John Giorno (1936)

Produced by NoeltanFilm

LAURIE ANDERSON / JOHN GIORNO / WILLIAM S BURROUGHS :: YOU’RE THE GUY I WANT TO SHARE MY MONEY WITH (full album), 1981

You’re the Guy I Want To Share My Money With is a double album released in 1981. The album is a collaboration by Laurie Anderson, John Giorno and William S. Burroughs, recorded during their “Red Night” spoken word tour of 1981.[1] Released through Giorno Poetry Systems Institute, the album was funded in part by grants from the National Endowment for the Arts and the New York State Council on the Arts. Most of Anderson’s material came from her performance piece, United States, and live versions of some tracks, such as “It Was Up in the Mountains”, would also be included in her later 5-LP release, United States Live. This was Anderson’s first substantial album release (previously she had only contributed a track or two), and she followed this in 1982 with her first full solo album, Big Science. Continue reading LAURIE ANDERSON / JOHN GIORNO / WILLIAM S BURROUGHS :: YOU’RE THE GUY I WANT TO SHARE MY MONEY WITH (full album), 1981

MARGARET ATWOOD, in conversation with Patty Satalia for WPSU

Award-winning Writer and Environmental Activist Margaret Atwood discusses her career.with Patty Satalia.  Produced by WPSU, Public Media For Central Pennsylvania.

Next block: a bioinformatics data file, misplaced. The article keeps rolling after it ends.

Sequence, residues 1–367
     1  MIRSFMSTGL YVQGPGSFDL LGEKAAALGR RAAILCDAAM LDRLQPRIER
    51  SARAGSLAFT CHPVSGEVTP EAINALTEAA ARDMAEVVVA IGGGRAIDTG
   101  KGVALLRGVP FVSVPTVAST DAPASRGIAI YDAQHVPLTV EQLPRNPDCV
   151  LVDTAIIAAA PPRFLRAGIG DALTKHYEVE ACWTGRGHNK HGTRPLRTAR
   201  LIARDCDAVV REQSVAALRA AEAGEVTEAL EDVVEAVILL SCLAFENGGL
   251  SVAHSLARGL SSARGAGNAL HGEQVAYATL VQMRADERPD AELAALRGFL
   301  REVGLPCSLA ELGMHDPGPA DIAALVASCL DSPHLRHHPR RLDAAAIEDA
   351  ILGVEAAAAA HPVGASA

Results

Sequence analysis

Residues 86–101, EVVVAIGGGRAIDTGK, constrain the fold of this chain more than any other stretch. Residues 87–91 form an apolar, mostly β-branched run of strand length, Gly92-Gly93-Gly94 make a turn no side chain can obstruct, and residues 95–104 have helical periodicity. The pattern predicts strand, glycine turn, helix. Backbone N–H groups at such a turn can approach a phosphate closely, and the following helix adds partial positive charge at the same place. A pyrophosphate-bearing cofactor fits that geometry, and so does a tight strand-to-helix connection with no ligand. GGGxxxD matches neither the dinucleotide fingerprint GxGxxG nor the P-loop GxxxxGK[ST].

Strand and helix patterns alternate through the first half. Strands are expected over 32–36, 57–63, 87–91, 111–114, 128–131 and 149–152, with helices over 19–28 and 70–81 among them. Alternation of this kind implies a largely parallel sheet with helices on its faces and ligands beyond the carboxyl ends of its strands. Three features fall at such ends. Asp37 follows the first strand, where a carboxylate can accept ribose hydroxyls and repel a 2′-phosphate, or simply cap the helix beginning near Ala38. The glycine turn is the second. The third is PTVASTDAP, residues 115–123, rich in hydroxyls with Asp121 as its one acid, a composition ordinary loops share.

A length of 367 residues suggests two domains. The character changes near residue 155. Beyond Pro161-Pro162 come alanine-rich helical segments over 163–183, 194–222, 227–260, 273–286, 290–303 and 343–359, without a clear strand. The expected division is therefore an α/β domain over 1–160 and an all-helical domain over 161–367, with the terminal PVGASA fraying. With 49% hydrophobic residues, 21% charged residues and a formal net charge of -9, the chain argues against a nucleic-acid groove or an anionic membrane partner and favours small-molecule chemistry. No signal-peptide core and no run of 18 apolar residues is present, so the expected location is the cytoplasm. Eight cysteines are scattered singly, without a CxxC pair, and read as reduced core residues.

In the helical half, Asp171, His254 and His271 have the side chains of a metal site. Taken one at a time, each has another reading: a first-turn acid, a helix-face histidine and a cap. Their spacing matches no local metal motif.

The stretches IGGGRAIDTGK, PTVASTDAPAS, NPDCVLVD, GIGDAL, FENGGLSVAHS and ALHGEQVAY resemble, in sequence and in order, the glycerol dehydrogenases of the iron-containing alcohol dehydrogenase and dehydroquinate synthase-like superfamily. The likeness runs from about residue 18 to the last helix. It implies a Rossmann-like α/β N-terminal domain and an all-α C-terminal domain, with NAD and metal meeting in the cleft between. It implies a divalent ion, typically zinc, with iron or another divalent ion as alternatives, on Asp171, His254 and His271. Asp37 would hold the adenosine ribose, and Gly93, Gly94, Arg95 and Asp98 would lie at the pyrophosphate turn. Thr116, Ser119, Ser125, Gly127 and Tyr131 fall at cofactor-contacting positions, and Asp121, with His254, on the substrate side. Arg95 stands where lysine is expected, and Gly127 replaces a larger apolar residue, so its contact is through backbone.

Margaret Atwood was born in 1939 in Ottawa, and grew up in northern Ontario, Quebec, and Toronto. She is the author of more than forty volumes of poetry, children’s literature, fiction, and non-fiction, but is best known for her novels. Atwood’s work has been published in more than forty languages. She was honored with the 2014 Medal for Distinguished Achievement from Penn State’s Institute for the Arts and Humanities.

ROBERT FROST :: THE ROAD NOT TAKEN

Two roads diverged in a yellow wood,
And sorry I could not travel both
And be one traveler, long I stood
And looked down one as far as I could
To where it bent in the undergrowth;
Then took the other, as just as fair,
And having perhaps the better claim,
Because it was grassy and wanted wear;
Though as for that the passing there
Had worn them really about the same,
And both that morning equally lay
In leaves no step had trodden black.
Oh, I kept the first for another day!
Yet knowing how way leads on to way,
I doubted if I should ever come back.